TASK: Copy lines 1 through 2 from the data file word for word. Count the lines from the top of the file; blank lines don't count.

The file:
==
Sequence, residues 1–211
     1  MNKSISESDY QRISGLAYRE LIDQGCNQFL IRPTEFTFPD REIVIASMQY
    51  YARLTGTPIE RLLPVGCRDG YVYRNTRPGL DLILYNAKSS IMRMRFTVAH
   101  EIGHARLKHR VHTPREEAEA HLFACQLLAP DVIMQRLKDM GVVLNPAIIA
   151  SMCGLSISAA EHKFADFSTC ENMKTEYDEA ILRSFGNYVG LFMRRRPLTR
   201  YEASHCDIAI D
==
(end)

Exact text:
Sequence, residues 1–211
     1  MNKSISESDY QRISGLAYRE LIDQGCNQFL IRPTEFTFPD REIVIASMQY